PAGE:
Proposed NCAA changes to help KSU


We’ve all heard the news of late about the NCAA Men’s Basketball Tournament. In fact, since the tournament ended we have heard nothing but talk about the future of the tournament. Will players leave their schools and go pro? Will they stay? But most importantly, will the NCAA change the format of its tournament?

According to a press release from the NCAA, “The NCAA announced a new 14-year television, Internet and wireless rights agreement with CBS Sports and Turner Broadcasting System, Inc., to present the Division I Men’s Basketball Championship beginning in 2011 through 2024 for more than $10.8 billion. As part of the agreement, all games will be shown live across four national networks beginning in 2011 — a first for the 73-year-old championship.”

This deal and the entire negotiating standpoint are about the expansion of the tournament from its current 65-team bracket. Originally, it was thought the tournament might expand to a 96-team bracket, which would have vastly increased the size and duration of the tournament. Eventually, a compromise was made and three teams were added to the field, making it a 68-team tournament. This expansion all boils down to revenues.

It appears the NCAA wanted to boost its revenues and look at getting out of its current contract with CBS. The NCAA thought revenues would increase substantially following a large expansion, but it found the actual rights fees would be greatest with a more moderate expansion.

It is possible that not only has the NCAA made an important change that will hopefully draw more funding to the conferences and schools, but also that the change will be received as the right one and not be overly criticized by a happier general audience.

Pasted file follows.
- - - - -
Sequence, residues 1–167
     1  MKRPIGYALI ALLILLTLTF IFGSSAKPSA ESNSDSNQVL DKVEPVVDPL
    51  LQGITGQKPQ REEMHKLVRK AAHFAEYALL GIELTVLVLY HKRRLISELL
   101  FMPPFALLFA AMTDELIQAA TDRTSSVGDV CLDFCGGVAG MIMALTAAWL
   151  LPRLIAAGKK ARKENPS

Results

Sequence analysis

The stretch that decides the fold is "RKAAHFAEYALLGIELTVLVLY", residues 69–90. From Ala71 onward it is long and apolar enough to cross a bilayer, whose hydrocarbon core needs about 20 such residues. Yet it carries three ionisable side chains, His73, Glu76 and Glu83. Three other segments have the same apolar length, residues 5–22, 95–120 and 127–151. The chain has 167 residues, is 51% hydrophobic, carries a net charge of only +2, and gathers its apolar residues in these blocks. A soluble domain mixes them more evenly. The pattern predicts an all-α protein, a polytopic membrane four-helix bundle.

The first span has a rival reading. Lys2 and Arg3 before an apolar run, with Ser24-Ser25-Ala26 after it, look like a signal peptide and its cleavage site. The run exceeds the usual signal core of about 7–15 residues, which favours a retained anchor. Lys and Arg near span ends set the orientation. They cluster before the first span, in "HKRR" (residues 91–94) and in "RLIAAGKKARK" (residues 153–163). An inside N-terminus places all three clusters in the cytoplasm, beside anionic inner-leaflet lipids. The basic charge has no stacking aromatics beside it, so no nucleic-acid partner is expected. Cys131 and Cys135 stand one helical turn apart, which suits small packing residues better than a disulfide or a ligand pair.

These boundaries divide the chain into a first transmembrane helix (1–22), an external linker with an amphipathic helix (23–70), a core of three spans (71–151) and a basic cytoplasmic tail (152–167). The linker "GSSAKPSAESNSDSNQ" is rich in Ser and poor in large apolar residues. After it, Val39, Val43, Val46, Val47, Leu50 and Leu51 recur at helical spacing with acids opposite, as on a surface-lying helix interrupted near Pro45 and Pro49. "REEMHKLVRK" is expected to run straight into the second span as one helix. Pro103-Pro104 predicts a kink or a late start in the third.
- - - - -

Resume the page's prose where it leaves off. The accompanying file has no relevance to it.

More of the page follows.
As part of the deal, CBS and Turner Broadcasting will air basketball games through the tournament on CBS, TBS, TNT and truTV. It is projected, according to the NCAA press release, that 96 percent of the new revenues generated will directly benefit the student athletes.

All of this comes as the NCAA welcomes Mark Emmert from the University of Washington as its new president. The organization could be looking at a number of changes in the near future. It is a complex time to be new in the NCAA.

Our own athletic leaders are in favor of the expansion. Athletics Director John Currie addressed the situation to the Wildcat faithful in an e-mail a couple weeks ago: “…after spending much time over the last few months analyzing the options and viewing different presentations, I believe the slight expansion to the 68-team field is the right step. It is also great to have a broadcast partner like Turner getting more involved in the college sports world.”

Whether the situation proceeds is up to the NCAA Division I Board of Directors, whose meeting was held on yesterday.